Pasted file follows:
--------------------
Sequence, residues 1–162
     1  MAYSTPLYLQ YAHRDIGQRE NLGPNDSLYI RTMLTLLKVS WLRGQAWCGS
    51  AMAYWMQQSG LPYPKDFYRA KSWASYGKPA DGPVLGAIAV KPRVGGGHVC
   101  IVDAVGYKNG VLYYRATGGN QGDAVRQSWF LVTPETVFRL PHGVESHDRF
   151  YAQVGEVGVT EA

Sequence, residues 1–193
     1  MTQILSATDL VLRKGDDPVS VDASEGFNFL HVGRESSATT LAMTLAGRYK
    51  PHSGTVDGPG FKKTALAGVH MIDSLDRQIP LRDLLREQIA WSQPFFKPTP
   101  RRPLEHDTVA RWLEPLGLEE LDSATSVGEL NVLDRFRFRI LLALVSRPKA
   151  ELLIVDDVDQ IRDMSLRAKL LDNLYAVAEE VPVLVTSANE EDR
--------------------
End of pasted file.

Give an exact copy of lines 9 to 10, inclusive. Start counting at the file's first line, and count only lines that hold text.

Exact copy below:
   101  RRPLEHDTVA RWLEPLGLEE LDSATSVGEL NVLDRFRFRI LLALVSRPKA
   151  ELLIVDDVDQ IRDMSLRAKL LDNLYAVAEE VPVLVTSANE EDR